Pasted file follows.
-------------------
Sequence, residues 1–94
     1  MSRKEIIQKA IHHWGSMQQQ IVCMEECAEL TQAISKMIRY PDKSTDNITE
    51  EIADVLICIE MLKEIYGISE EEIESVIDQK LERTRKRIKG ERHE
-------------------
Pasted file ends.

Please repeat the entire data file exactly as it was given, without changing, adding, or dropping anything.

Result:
Sequence, residues 1–94
     1  MSRKEIIQKA IHHWGSMQQQ IVCMEECAEL TQAISKMIRY PDKSTDNITE
    51  EIADVLICIE MLKEIYGISE EEIESVIDQK LERTRKRIKG ERHE